During this time of crisis, our normal patterns of working have radically changed. Many of us will need to think of ways to keep ourselves productive, motivated and to build our capability during the outbreak of coronavirus. Read some tips pulled from the JDI Development Guide that might be useful for individuals and leaders during this time of flux.
Use this time of significant change to increase or update your expertise in your industry. Where possible, seek to understand risks and opportunities relating to the crisis, to inform your decision making.
Read about your area to spot new opportunities. Digesting papers, journals and articles relevant to a market and/or industry sector help us to identify changing trends. Set yourself a goal to read three documents around your industry to share ideas and their impact with your team.
For those who have more time due to remote working, use the space to look at a challenge differently, by getting more into the detail or standing back to look at it holistically.
Take time out for a “Eureka” moment. Walking away from a problem often results in a flash of insight and a solution. It is important to take physical breaks when working virtually. Go for a walk, take a break or work on a different task and come back to the challenge with fresh eyes.
Remote working means a new working environment for many of us. Ensure that you make it a pleasant space that fosters creativity while you have the chance to work differently.
Make a creative space. Creative tools and workspaces facilitate creativity – where possible, vary your approach for tasks that require novel thinking and involve others. Find a space at home to create break out areas, to encourage more exploratory thinking. You can still use mind mapping, story boarding, or use a video call to bounce ideas around with a colleague.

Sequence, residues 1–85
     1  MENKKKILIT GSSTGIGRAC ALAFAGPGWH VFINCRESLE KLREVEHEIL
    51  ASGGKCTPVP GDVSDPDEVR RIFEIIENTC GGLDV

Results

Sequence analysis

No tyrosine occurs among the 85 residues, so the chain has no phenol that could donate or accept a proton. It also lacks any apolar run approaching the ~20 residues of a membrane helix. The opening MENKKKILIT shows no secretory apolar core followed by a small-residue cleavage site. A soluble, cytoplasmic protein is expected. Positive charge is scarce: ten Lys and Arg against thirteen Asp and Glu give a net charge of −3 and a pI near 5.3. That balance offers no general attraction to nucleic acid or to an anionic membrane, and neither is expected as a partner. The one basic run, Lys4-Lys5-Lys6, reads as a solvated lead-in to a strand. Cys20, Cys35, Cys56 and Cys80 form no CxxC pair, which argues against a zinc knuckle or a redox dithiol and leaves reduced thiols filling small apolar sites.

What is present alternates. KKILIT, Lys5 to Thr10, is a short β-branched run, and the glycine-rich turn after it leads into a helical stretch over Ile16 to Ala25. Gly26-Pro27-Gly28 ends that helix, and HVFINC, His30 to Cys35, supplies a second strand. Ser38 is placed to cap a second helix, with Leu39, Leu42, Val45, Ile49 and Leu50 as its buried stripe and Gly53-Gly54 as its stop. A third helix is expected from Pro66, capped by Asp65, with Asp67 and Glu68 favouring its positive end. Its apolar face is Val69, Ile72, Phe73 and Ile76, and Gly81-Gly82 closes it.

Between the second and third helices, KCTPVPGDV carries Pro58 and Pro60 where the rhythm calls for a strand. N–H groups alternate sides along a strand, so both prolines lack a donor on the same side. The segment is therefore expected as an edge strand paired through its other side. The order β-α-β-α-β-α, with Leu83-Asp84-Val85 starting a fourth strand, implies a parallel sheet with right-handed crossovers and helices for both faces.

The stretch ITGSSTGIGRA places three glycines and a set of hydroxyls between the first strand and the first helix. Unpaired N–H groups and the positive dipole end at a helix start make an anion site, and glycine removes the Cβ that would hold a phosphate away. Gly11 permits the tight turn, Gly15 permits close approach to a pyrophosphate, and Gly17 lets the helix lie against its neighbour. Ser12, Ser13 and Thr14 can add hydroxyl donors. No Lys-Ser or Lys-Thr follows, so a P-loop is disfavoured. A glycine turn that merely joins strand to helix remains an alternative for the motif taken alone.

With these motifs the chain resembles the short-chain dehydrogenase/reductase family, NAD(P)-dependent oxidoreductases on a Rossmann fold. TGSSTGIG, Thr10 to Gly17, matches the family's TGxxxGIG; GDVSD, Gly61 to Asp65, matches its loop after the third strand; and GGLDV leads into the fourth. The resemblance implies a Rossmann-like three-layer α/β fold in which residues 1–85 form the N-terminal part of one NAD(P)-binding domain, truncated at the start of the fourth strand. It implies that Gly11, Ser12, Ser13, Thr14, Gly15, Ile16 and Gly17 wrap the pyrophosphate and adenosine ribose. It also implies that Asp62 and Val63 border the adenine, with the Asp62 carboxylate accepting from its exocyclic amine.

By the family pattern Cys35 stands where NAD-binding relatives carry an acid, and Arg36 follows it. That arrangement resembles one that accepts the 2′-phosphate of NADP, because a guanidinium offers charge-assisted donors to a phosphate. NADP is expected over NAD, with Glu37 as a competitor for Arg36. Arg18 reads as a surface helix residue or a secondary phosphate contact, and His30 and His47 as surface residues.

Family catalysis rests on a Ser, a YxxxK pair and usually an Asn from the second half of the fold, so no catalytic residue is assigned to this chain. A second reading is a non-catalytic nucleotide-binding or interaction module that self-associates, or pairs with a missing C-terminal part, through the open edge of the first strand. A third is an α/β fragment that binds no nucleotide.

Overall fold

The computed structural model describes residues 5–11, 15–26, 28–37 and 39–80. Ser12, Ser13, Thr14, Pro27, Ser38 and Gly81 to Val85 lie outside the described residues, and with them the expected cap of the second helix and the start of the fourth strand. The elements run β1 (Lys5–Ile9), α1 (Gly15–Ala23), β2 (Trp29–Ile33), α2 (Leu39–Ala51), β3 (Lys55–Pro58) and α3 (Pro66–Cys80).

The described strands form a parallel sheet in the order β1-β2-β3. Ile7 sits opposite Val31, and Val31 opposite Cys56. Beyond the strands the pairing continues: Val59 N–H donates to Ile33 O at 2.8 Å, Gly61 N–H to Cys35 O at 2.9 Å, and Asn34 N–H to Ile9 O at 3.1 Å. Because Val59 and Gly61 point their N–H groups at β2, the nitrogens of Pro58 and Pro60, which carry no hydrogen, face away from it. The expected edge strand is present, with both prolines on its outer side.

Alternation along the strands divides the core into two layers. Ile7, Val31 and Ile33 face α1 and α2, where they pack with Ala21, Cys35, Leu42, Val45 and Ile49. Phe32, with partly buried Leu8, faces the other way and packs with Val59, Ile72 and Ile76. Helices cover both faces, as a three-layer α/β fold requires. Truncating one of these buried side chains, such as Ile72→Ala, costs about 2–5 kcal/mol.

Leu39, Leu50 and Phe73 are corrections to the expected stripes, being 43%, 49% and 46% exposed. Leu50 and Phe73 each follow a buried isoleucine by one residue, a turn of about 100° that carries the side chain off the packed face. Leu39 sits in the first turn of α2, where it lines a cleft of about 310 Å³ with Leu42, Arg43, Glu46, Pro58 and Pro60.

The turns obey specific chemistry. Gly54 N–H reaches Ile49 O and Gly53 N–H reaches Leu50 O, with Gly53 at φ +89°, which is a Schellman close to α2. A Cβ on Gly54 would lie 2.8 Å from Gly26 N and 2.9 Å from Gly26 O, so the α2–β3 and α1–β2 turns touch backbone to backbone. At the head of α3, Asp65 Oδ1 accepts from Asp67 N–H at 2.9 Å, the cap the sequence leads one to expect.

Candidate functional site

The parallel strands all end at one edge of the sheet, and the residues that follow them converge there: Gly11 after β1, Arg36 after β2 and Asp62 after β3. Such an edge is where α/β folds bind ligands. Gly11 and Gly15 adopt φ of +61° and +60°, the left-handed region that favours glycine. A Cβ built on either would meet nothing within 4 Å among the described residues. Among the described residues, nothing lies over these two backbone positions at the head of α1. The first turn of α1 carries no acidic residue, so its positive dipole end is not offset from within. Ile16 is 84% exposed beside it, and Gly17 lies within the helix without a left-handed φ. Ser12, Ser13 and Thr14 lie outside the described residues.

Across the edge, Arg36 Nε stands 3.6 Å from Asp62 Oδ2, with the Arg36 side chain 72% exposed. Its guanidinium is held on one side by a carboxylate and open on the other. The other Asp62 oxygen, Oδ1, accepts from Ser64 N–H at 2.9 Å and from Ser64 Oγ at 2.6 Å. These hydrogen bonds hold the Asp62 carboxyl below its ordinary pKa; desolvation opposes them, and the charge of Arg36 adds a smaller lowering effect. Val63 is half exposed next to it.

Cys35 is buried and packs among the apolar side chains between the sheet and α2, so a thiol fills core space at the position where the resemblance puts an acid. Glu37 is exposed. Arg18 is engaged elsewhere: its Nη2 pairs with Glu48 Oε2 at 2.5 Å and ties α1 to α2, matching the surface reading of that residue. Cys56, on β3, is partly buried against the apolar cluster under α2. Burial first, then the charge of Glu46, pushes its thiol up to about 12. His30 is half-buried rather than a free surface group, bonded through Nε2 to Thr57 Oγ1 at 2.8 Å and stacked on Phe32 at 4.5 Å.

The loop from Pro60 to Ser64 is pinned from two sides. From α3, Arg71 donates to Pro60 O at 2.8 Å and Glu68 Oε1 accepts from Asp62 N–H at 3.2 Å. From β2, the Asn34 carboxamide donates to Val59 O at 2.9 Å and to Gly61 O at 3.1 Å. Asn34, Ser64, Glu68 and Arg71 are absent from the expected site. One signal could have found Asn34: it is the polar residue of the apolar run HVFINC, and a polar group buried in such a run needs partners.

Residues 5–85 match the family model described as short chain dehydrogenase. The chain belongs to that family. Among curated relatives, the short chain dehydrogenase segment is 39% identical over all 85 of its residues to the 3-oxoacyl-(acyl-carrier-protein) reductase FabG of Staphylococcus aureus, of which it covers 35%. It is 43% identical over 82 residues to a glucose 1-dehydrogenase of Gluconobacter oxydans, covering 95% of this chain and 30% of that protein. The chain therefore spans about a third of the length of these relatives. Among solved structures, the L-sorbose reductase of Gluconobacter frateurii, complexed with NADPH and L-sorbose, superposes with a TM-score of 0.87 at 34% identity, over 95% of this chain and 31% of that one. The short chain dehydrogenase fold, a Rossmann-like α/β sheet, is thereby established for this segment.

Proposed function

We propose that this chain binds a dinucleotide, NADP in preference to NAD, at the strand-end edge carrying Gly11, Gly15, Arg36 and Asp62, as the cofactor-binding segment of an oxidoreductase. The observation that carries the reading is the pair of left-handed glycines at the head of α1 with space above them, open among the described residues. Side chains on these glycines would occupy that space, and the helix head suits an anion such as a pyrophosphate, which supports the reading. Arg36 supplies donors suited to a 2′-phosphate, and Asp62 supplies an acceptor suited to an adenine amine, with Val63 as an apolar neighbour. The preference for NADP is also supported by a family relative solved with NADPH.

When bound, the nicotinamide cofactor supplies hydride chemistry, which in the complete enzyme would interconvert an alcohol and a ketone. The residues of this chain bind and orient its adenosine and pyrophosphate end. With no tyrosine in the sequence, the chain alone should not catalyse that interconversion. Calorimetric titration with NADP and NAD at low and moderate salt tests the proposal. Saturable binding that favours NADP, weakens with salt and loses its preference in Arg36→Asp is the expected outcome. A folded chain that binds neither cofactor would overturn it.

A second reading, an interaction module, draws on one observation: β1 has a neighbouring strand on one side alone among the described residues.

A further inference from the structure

For those who manage a team, it is likely that you will need to increase your communications around key challenges, and keep the team engaged and motivated in a more difficult time.
Think about your audience. Virtual working takes away some of our audience cues. Ensure you start your messages with an over-arching objective, take people through defined points and find places to use motivating language. Ask your audience to share what they understood and where they are motivated to take action.
Use the time you have away from the office to re-focus your personal development – by either acting on existing goals you were struggling to prioritise in the workplace or creating new goals to work towards.
Create realistic goals. Having genuinely achievable goals increases engagement. Review your existing development plan in a virtual working context. Identify what online resources you can access and are relevant at this time. Consider who could be a peer mentor, to keep you motivated and accountable. Use the changes in your role or organization as a learning experience – identify how you can grow in response to new demands the crisis might be placing on you.
Time away from others and practising social distancing, may become demotivating so identify short term goals to remain focused, positive and energised during this time. Working on this with others, will instil this attitude in those around you becoming mutually beneficial.